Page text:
Fangraphs valuation is running right around $7.9, $8.0 million ... here is a table sorted by value. Trout 3.3 WAR and $27M, Conforto 2.5 WAR and $20M, etc.
Here is another valuation that projects the cost of a WAR at 9.0, 9.5, 10.0, 10.5 the next four years. This one is a little dubious.
I was hoping you'd chime in Matt as to the cost of a win. Welcome the discussion. I wonder how to fix the cost definitely in view of Fangraphs' apparent $8.0 per.
I was quoting the 2016 free agent price point that I remembered (technically, it was 7.2 M)...I see the rate of rise has accelerated again.
I think it's a little nebulous to peg an exact value on it, but would cheerfully pay 8 M per expected W and not feel cheated. The general point, though, is that Segura need like 9 or 10 W at most to break even on this deal...why would Cameron think that's dubious?
Great deal for both sides. Segura leaving money on the table, perhaps, but it states Segura is happy here and the Mariners are happy with him. Segura, at an age, where another decent contract possible. Dare I say "Chemistry?"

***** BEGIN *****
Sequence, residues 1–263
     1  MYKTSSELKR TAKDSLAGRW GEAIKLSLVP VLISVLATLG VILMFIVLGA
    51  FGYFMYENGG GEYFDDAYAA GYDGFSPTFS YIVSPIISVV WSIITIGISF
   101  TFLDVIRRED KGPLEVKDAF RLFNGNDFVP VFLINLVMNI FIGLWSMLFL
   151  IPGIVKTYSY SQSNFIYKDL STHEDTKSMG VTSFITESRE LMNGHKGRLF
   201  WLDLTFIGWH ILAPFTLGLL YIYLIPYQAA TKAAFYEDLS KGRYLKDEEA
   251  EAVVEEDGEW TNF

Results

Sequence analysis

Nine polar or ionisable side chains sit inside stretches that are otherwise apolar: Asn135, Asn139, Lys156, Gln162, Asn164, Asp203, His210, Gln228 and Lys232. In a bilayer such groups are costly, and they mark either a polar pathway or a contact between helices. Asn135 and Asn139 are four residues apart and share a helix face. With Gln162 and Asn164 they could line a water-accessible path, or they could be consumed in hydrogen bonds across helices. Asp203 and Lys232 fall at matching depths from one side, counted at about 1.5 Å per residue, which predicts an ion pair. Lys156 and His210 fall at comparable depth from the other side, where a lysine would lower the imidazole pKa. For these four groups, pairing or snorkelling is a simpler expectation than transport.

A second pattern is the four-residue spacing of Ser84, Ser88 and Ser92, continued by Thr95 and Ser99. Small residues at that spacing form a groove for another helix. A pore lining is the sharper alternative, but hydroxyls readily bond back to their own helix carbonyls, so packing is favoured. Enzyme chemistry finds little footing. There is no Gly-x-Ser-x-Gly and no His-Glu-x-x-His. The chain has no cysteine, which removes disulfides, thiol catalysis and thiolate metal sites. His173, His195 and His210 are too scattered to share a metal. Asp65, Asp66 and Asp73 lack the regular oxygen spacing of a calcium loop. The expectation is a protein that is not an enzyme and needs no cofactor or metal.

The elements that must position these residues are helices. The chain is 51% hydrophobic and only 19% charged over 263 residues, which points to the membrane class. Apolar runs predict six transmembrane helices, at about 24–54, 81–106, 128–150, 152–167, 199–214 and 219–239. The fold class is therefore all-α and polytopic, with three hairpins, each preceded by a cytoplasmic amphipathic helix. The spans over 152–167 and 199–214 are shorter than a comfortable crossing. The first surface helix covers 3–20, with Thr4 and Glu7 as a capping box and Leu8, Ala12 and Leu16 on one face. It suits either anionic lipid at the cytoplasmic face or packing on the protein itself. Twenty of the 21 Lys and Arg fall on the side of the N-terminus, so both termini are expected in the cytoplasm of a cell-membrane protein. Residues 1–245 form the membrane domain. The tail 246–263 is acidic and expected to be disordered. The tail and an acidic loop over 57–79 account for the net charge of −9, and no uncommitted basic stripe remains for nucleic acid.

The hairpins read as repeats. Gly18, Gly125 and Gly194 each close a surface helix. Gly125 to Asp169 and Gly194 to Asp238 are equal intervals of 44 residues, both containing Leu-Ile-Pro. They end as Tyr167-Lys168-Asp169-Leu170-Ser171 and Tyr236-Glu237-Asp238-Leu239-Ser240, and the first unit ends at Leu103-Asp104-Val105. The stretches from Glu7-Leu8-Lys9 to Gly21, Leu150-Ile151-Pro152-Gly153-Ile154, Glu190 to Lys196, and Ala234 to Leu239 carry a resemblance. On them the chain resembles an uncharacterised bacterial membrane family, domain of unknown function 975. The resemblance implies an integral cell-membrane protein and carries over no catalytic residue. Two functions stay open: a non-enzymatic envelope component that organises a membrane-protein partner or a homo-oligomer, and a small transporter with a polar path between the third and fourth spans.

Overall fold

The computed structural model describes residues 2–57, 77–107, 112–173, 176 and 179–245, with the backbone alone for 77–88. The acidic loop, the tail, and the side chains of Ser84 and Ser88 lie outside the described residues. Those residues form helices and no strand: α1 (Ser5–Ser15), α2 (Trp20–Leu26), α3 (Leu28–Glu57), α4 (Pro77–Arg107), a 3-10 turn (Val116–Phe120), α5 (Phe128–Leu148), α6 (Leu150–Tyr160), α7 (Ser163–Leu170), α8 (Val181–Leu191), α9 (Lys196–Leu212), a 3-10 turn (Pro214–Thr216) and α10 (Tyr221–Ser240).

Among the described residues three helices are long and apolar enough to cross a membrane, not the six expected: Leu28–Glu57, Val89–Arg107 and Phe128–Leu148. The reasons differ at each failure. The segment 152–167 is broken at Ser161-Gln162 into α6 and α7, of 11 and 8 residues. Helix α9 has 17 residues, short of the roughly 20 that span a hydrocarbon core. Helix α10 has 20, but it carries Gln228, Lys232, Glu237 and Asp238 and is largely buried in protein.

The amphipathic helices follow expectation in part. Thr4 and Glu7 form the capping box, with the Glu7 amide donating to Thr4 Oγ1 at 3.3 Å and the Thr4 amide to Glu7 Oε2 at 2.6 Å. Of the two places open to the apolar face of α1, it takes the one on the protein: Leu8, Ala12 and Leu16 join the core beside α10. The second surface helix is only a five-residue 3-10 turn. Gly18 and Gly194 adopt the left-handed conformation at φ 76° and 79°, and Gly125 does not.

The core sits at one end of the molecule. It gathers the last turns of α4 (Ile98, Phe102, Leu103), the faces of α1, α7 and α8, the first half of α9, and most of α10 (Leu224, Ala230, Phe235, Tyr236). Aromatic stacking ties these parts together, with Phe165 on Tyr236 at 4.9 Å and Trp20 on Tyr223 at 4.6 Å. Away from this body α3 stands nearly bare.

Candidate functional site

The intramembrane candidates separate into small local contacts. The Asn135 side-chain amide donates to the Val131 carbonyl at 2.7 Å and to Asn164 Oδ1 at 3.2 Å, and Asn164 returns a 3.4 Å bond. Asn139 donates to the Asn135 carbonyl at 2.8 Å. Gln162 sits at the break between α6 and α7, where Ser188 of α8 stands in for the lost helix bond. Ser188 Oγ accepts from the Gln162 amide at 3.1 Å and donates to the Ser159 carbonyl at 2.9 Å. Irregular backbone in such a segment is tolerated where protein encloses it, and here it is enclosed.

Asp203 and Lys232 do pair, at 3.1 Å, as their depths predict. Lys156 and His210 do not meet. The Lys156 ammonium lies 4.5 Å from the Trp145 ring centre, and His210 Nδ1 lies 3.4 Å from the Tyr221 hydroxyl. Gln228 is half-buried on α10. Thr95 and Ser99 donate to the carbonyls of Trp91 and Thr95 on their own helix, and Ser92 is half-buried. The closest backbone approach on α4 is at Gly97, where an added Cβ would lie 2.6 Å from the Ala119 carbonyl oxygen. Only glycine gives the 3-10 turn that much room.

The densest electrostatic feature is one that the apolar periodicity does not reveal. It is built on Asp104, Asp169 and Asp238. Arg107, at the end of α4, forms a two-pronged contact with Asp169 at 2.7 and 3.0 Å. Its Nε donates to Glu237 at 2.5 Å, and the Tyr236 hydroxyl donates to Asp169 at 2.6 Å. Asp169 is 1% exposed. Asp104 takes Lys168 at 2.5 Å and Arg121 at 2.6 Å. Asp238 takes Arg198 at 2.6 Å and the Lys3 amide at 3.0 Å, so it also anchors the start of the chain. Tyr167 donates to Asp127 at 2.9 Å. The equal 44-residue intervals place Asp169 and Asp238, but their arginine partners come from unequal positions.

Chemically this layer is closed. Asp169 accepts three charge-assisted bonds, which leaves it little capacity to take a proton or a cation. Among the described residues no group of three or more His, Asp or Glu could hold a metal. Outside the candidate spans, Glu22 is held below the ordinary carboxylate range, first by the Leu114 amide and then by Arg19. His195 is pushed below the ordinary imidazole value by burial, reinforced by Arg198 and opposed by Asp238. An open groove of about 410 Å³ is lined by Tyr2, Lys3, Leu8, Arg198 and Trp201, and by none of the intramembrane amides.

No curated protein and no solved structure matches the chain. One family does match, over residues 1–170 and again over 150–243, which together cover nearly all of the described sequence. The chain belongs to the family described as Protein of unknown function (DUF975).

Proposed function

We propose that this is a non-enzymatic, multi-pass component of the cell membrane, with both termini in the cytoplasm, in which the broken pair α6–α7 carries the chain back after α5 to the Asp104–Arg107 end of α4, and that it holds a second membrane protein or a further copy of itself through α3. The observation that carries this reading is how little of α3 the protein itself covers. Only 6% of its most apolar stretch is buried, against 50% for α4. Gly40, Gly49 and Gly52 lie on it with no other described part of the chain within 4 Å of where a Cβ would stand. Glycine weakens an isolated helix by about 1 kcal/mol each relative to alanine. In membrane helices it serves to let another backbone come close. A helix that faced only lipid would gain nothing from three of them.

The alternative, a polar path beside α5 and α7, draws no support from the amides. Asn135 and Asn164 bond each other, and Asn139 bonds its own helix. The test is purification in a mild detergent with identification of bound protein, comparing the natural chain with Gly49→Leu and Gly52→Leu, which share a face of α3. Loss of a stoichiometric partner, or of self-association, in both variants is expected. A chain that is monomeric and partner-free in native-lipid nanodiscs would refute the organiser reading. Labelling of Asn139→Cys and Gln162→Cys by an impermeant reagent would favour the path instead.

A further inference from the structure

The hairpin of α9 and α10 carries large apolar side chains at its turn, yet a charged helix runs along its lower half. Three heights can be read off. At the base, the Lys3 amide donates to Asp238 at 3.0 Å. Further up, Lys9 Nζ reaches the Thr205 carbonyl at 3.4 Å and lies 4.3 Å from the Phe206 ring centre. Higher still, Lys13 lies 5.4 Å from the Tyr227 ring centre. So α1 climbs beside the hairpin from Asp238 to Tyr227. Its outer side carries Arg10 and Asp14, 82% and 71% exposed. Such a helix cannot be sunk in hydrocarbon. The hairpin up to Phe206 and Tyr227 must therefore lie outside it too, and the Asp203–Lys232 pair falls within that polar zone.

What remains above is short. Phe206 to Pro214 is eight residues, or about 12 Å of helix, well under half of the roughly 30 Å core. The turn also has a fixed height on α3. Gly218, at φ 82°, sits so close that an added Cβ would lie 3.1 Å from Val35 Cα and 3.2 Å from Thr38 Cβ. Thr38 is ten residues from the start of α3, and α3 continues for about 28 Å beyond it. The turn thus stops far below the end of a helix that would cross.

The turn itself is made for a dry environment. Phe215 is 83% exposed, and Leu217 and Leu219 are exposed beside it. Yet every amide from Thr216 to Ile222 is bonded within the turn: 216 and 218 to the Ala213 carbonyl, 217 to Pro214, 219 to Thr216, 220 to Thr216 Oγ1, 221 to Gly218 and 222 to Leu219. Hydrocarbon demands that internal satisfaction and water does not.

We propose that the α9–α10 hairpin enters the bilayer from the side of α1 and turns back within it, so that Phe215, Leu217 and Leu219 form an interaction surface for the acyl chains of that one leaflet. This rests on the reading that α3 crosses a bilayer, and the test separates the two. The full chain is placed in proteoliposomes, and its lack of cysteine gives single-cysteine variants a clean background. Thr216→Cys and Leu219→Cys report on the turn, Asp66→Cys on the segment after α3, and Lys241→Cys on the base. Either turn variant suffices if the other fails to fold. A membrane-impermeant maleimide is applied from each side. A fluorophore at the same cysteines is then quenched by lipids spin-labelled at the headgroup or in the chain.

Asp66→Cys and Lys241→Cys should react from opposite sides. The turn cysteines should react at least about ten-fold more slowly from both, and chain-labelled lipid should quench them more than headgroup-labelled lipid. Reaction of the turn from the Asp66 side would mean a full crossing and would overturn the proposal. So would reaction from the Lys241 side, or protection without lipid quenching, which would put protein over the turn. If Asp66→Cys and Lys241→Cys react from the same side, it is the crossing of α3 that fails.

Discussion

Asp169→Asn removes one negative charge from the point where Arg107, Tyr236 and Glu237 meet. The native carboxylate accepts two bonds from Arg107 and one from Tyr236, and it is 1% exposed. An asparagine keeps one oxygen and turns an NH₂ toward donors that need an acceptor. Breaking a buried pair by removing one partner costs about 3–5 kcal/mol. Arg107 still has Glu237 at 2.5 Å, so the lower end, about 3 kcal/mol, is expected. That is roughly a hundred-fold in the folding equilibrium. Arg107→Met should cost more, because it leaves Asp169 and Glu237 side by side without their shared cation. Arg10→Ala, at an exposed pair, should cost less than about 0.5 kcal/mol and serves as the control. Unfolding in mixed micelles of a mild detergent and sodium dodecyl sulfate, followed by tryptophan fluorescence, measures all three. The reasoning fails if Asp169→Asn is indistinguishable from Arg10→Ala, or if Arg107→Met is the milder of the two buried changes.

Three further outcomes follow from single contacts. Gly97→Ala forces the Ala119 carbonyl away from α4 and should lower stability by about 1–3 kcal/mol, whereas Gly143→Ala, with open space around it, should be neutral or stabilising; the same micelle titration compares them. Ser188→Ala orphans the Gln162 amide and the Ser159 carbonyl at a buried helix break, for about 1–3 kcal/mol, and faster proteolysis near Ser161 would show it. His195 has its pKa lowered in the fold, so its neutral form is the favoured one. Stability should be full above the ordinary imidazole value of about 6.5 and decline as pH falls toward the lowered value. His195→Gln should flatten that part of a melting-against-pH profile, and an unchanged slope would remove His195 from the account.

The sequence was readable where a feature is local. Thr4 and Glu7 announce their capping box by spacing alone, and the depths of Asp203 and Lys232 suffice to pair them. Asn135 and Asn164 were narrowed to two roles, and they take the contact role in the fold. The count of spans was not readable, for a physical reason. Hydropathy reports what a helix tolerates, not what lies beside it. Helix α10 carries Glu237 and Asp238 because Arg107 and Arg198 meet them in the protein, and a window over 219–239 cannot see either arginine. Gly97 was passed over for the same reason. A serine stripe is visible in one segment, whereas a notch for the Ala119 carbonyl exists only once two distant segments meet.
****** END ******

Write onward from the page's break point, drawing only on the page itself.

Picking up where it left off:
That is an epic find.
I think the Seager-Segura comp to Sabo-Larkin has legs, no? Lessee, what other parallels to the 1990 Reds, Suburbs? They had one great Opening Day pitcher and meatballs around him IIRC ... maybe you should write a guest post ...
The nasty boys.
The Reds Opening Day rotation featured
Tom Browning (30), Opening Day Starter
Jose Rijo (25), 2nd Starter and
Jack Armstrong (25), 3rd Starter.
Danny Jackson (28)
Armstrong had a breakout first half, won 11 games, WAR of 3.0, and was the NL's starter in the All Star Game. Browning won 8 games with an ERA- of 73 in the first half, but was fanning less than 4 per 9. Rijo and Jackson also managed to produce at better than league average in the first half.
But then Armstrong's arm fell off, after producing those 3 WAR in the first half, the start-crossed 25 year old managed only 1.3 additional WAR over the rest of his career. Browning's kept fanning less than 4 and his ERA regressed to what his skills suggested (ERA- of 129), but he won 8 more games anyway.